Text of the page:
Each of us in the world are motivated by needs, and its part human nature that if the acquired needs seems to be fulfilled makes one more and more towards it. The hierarchy justifies managerial power, while at the same time absolving managers of accountability for ineffective motivational practices. The hierarchy seems to describe what the average employee seeks; it gives management a simple and quick means of understanding differences or changes in employee motivation (Huczynski, 1993: 24).
Salvation is also available to the masses since proper management of the ways in which people work and earn their living “can improve them and improve the world and in this sense be a utopian or revolutionary technique” (Maslow, 1965: 1). In this time of economic growth and plentiful jobs, when employees are easily able to leave one organization for another, Maslow’s hierarchy helps managers to treat those employees considerately, in order to ensure that they remain in the organization. The practical implementation of Maslow Theory was seen in Non-Linear Systems (NLS), a high-tech company based in California.
Its owner-entrepreneur Andy Kay organized the work environment around the principles of Maslow Theory. Employee creativity, cooperation and self-direction were encouraged as much as possible. There was a strong emphasis on employee training and growth on the job. Teams of line workers helped determine daily work schedules and activities. There was even a “vice president for innovation. ” It produced results: Absenteeism and turnover plummeted, while productivity and profits soared. NLS was demonstrating that the company’s and the employees’ interests could converge through what Maslow called “enlightened management.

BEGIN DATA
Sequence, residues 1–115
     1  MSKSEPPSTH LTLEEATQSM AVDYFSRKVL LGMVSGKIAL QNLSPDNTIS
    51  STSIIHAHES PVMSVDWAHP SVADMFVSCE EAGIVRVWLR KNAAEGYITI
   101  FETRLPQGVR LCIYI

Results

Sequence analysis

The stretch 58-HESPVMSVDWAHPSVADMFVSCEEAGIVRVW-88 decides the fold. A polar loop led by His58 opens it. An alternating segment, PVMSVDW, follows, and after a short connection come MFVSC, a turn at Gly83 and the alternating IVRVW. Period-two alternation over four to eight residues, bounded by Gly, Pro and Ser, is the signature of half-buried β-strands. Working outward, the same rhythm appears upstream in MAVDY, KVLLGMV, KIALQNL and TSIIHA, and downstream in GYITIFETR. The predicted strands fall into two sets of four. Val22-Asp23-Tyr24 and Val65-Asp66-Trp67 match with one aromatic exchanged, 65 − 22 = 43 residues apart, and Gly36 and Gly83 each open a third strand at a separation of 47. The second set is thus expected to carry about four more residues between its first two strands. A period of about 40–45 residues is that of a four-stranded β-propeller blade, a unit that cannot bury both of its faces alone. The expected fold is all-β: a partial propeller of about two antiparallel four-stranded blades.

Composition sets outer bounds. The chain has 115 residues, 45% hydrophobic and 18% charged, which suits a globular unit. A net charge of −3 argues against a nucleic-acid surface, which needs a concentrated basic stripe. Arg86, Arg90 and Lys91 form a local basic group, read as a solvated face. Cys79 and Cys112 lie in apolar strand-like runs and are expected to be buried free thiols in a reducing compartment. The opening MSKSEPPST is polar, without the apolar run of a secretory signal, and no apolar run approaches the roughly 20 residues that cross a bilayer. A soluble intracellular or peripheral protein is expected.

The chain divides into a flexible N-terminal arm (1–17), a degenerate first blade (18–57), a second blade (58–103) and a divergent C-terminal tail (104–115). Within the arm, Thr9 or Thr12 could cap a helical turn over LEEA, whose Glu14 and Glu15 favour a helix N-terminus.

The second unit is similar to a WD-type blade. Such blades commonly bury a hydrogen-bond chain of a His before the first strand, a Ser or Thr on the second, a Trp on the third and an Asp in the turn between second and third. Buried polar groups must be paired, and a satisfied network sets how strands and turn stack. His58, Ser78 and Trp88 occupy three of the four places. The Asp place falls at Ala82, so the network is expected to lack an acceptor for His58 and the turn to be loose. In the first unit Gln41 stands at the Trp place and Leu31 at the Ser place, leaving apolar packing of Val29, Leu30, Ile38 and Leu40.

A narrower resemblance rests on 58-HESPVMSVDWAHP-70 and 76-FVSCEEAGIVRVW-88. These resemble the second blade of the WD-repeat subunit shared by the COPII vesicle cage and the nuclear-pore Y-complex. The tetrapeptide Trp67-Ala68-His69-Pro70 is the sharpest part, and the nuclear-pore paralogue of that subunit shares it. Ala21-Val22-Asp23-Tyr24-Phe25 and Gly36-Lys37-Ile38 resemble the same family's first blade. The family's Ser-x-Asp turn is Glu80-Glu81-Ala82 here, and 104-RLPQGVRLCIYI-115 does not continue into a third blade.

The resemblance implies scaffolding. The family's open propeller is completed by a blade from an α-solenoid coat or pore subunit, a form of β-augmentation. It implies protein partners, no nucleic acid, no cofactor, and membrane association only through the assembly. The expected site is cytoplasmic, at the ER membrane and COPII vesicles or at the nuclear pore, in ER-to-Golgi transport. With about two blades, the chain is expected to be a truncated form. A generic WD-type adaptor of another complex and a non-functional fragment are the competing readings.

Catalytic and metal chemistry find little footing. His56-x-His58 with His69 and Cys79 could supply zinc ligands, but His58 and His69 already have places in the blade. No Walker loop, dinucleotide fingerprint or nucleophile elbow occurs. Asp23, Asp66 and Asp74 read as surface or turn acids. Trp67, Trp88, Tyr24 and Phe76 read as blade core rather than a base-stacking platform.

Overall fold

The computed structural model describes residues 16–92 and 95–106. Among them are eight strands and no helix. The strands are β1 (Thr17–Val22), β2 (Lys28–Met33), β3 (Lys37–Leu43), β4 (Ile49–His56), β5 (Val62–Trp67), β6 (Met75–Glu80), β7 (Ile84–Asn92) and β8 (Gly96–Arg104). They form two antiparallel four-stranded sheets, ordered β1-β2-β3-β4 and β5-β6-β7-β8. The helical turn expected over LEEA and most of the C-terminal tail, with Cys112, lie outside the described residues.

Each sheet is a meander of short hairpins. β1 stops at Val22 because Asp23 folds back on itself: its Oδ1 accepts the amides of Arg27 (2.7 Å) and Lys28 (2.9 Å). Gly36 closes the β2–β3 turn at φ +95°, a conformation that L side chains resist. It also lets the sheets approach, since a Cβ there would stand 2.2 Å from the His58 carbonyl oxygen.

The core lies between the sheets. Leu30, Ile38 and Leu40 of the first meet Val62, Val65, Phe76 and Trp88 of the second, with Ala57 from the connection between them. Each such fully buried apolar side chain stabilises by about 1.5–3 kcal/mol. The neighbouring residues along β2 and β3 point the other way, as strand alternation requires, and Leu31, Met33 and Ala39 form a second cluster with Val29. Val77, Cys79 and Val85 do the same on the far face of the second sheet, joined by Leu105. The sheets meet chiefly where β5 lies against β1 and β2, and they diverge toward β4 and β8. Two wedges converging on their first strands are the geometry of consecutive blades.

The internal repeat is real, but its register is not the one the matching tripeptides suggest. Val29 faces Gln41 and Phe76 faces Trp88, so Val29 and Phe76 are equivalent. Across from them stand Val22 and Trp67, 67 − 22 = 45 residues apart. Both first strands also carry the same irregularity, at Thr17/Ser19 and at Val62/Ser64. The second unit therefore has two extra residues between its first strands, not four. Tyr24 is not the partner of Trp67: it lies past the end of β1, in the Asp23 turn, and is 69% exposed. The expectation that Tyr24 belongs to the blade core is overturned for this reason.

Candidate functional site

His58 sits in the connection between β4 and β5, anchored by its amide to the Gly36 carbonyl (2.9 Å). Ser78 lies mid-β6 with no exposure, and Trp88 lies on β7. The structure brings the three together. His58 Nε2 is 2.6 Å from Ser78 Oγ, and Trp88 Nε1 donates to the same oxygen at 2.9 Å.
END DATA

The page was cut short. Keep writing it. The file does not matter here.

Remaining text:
” (Hoffman, 1988) Criticism or Limitations of Maslow’s Theory: – In reality people don’t work one by one through these levels. They are much less structured in the way they satisfy there needs. – Different people with different working backgrounds and in different situations may have different hierarchy of needs. – According to McClelland in 1980 who identified needs for achievement, affiliation and power, claims that other needs are also significant or even more significant. – Some employees don’t seek to self-actualize in the workplace; fulfillment for them lies elsewhere.
Humanistically minded managers and trainers who attempt to force their idea of self-actualized traits and values upon employees may well produce resistance and resentment-especially when they try to “align” the whole package with the current goals of some particular corporation. Herzberg’s two- factor theory (1959): Herzberg’s work categorized motivation into two factors: motivators and hygienes (Herzberg, Mausner, & Snyderman, 1959). Motivator or intrinsic factors, such as achievement and recognition, produce job satisfaction. Hygiene or extrinsic factors, such as pay and job security, produce job dissatisfaction.